By Chidi Odinkalu
Nigerians recently,celebrated the 48th anniversary of the beginning of what is almost certainly the most storied legal career of his generation, to celebrate what a committed and good man can accomplish and inspire even in the face of odds that seem insurmountable.
Ganiyu Fawehinmi was a Senior Advocate of the Masses, SAM, long before an embarrassed legal profession sought to expiate for malevolent petulance by belatedly conferring upon him the rank of Senior Advocate of Nigeria, SAN, decades after he had earned the rank and long after some with worse than questionable qualifications for the entirely worthy task of polishing his professional shoes had desecrated it.
By the time of his death in September 2009, Gani had transcended the legal profession. The Independent in London described him as “one of the most famous figures in Nigeria”, while the Daily Telegraph reported that “fellow lawyers gathered at a valedictory court session to honour a ‘colossus’. Politicians from across the spectrum, recognising Fawehinmi’s common touch and immense popularity, hustled to pay their own tributes, even while perpetuating many of the vices he had long criticised.”
Gani’s life was hugely significant because rather than make a fetish of legal process or symbolisms irrespective of content, he realised early in his career that the law is, to use a well worn formulation, the practice of “civic virtue”, which cannot happen happily in the absence of a stable country with serviceable institutions. In this belief, he “campaigned against the corruption and misrule of his country in the half century after it gained independence from Britain in 1960.”
He was “a man for whom silence was never an option, and for whom there were no tyrants too big to be challenged.” He spent his life working to achieve this. Gani was that quintessence of the lawyer-statesman described by Anthony Kronman as:
a devoted citizen. He cares about the public good and is prepared to sacrifice his own well-being for it, unlike those who use the law merely to advance their private ends.
He is distinguished, too, by his special talent for discovering where the public good lies and for fashioning those arrangements needed to secure it.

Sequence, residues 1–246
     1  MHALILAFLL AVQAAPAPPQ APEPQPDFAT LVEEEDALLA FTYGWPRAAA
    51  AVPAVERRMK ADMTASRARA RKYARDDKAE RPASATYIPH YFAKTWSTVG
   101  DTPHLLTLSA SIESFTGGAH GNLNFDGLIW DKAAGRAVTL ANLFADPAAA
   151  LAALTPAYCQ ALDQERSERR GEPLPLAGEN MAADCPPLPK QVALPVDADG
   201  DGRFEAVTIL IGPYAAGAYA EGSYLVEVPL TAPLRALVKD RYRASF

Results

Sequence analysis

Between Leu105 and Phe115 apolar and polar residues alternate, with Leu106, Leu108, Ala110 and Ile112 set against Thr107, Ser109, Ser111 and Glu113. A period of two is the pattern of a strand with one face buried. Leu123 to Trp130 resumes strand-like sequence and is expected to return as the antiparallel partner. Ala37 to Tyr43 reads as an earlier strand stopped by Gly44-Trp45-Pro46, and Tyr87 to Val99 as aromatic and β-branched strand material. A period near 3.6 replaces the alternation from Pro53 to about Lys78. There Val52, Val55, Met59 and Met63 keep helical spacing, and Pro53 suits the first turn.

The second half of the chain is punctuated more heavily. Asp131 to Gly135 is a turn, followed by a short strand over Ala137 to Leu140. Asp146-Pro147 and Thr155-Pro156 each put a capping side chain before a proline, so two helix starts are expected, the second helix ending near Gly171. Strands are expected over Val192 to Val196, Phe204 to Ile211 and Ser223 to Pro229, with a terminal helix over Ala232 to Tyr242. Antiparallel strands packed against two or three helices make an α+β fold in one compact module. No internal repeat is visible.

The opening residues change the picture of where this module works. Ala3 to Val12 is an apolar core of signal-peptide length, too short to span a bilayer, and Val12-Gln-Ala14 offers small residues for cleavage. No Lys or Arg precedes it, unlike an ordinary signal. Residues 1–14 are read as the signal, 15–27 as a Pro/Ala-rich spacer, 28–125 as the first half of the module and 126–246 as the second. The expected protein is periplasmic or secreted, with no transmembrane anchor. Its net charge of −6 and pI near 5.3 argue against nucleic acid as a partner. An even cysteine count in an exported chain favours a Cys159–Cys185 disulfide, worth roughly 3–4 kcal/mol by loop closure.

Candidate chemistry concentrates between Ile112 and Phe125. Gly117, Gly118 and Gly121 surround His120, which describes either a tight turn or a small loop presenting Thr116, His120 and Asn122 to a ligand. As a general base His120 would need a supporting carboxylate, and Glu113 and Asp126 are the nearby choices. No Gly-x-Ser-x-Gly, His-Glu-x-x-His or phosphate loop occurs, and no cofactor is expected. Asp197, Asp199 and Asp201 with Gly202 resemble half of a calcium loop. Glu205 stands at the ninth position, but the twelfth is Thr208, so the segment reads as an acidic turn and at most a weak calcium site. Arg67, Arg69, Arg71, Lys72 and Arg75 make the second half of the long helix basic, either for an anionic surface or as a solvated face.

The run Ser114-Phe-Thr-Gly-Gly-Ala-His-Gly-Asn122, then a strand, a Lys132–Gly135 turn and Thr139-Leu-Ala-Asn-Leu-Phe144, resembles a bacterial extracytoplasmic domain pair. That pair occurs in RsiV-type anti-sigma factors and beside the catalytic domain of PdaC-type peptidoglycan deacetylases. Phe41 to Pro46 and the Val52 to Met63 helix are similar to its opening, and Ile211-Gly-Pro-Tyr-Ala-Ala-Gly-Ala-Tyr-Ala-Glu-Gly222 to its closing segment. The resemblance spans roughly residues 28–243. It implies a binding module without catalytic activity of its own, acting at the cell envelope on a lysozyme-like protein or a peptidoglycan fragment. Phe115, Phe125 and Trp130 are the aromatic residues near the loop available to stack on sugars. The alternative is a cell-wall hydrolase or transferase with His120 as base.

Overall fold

Fittingly, Poet and lawyer, Ogaga Ifowodo, would later lament – on the third anniversary of Gani’s passing in September 2012 – that the “void he left in our political life remains unfilled, for so large was his presence while he breathed.”
It is also a fitting coincidence that the this lecture and the anniversary of Gani’s admission to the Nigerian Bar coincide with the annual memorial of Nigeria’s Armed Forces Remembrance Day when we commemorate and honour the memory of fallen soldiers. Gani was a warrior.
Battered through many battles in an otherwise massively fulfilled professional life, posterity will probably record that Gani, whatever battles he may have lost, ultimately won the war for a Nigeria in which the people must decide who governs them and how. In this sense, he was the supreme soldier of the peoples’ army. Before proceeding, therefore, can we rise to observe a moment’s silence in memory of Gani and all other fallen soldiers on this Remembrance Day.
At our Bar, Gani was not just arguably the most successful advocate of his generation and surely one of the most successful of all time in Nigeria, he was also a leader. His career included a stint as the National Publicity Secretary of the Nigerian Bar Association (NBA). It is proper, therefore, that nine years ago, in 2004, he made the bequest of this annual retreat to us through the Ikeja Branch of the NBA, his home branch.
Far from being that parody of a critic as nay-sayer with no constructive proposal, Gani was also prolific in proffering ideas to fix the problems with Nigeria across the spectrum of challenges in politics, economy, and governance. The theme of today’s Symposium is entirely, therefore, in keeping with the man and his mission.
The announced theme for this event is “Economy, Politics and Human Rights: Wither (sic) Nigeria”. I read the announced theme as having a typographical error. My remarks in this presentation will not, do not and cannot address how or why to “wither Nigeria”. I happen to believe that our country has tremendous possibilities and I do not wish the country to “wither”.